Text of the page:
Rhode Island’s state and local unfunded pension liability is $18 billion – nearly twice what state officials estimate – according to an Arlington, Va., think tank.
Researchers from the Mercatus Center at George Mason University argue that inaccurate accounting contributes to the large difference.
The state’s $9.3 billion estimate is figured on assumed discount rates based on the expected return on pension-asset investments.
The study, though, argues that pension liabilities should be valued based on relative risk and thus the return on Treasury bonds is the appropriate discount rate to use when valuing liabilities.
“The result of this miscalculation is that many municipal governments are in far worse shape than is currently reported, which presents serious revenue challenges for a number of Rhode Island municipalities,” said the report, authored by Eileen Norcross and Benjamin VanMetre and released Tuesday.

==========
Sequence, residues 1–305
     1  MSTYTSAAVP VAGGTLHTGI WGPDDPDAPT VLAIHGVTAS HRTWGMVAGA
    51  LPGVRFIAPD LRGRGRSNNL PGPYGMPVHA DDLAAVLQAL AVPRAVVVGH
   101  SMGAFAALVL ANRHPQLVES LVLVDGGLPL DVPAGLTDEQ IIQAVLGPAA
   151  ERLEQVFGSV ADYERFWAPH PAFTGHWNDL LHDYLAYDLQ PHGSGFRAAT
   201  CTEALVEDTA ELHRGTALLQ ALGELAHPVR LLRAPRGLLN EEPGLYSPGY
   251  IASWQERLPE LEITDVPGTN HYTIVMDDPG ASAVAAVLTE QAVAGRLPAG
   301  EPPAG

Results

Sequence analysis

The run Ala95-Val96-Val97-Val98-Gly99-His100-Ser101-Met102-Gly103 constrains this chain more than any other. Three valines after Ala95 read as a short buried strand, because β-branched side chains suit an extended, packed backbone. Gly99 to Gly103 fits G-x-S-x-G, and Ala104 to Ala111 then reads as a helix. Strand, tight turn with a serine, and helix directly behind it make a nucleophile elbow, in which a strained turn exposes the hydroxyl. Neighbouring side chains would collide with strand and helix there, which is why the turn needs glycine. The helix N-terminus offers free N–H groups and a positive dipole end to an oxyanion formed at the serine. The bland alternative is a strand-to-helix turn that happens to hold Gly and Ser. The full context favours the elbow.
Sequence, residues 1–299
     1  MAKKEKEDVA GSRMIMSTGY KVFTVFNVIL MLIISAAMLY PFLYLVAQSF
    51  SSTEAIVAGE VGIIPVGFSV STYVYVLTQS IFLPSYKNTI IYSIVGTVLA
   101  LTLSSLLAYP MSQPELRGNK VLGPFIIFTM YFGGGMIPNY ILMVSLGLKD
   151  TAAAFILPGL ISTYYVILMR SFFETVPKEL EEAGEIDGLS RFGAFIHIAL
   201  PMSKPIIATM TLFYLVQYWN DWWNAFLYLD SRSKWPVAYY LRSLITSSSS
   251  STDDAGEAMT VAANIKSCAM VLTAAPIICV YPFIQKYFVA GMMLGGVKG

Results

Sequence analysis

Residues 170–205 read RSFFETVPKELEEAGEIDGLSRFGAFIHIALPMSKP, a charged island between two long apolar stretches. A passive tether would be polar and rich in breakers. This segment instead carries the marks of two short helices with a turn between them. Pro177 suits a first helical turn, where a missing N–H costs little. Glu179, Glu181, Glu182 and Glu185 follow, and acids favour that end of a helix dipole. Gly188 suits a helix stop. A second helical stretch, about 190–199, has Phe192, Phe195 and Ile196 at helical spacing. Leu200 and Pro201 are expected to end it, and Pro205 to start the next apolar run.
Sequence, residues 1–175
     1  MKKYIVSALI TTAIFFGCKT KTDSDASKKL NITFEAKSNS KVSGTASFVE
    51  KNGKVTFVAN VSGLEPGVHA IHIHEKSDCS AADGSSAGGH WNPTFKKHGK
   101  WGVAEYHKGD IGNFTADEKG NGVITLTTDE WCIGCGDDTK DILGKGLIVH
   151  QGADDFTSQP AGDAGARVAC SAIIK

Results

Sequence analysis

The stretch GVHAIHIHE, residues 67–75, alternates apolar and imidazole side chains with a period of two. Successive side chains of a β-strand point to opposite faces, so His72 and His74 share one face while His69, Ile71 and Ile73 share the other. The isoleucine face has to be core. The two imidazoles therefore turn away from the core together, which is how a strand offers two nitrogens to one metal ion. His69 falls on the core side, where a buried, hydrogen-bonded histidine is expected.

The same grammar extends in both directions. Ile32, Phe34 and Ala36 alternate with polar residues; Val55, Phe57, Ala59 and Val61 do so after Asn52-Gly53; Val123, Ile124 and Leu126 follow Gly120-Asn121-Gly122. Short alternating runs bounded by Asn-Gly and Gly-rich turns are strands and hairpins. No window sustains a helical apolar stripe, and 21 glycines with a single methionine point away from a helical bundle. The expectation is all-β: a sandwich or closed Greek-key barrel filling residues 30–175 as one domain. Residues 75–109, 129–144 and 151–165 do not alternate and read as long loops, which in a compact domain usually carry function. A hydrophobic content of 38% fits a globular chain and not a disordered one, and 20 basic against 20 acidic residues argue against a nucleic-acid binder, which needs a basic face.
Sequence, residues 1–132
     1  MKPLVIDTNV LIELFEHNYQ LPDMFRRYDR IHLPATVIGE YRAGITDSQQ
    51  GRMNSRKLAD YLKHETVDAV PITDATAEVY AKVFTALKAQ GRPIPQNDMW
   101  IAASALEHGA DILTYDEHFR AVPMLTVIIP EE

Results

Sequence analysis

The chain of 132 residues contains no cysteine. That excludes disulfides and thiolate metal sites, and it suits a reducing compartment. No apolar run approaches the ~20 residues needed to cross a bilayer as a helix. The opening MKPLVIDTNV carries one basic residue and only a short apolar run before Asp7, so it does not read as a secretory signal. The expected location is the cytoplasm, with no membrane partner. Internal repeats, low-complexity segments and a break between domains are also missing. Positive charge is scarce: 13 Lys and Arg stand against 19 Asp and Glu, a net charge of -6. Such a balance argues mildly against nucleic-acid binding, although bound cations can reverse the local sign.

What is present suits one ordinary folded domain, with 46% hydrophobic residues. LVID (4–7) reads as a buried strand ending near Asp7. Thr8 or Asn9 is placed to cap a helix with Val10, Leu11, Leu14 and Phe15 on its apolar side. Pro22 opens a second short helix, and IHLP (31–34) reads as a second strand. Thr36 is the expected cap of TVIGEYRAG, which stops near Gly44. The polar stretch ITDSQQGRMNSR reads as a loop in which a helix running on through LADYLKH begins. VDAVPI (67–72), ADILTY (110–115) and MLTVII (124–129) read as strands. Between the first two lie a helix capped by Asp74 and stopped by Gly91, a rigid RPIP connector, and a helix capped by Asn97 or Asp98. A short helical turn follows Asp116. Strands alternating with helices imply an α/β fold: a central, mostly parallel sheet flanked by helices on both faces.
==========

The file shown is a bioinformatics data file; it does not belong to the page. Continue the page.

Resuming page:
They red-flagged bankrupt Central Falls — which has an $80 million pension funding shortfall — along with Providence, Johnston, Cranston and Newport.
The Aug. 1 Chapter 9 filing by Central Falls, which already had been under state receivership, has triggered several ratings downgrades of municipalities and conduit issuers throughout the state.
Legislation passed in June, aimed at protecting bondholders, requires local governments to guarantee lenders first rights to their property taxes and general revenue, should they file for bankruptcy.
Fitch Ratings and Standard & Poor’s rate Rhode Island’s general-obligation bonds double-A, while Moody’s Investors Service rates them Aa2.
The Rhode Island General Assembly is in a special session to consider pension-overhaul legislation proposed by Gov. Lincoln Chafee and General Treasurer Gina Raimondo. The House and Senate finance committees will hold a joint hearing at 3 p.m. Wednesday to hear technical amendments and other possible changes to the bill, formally called the Rhode Island Retirement Security Act.
According to a notice on the General Assembly web site, the finance committees will meet separately on Thursday and likely vote on an amended version of the bill.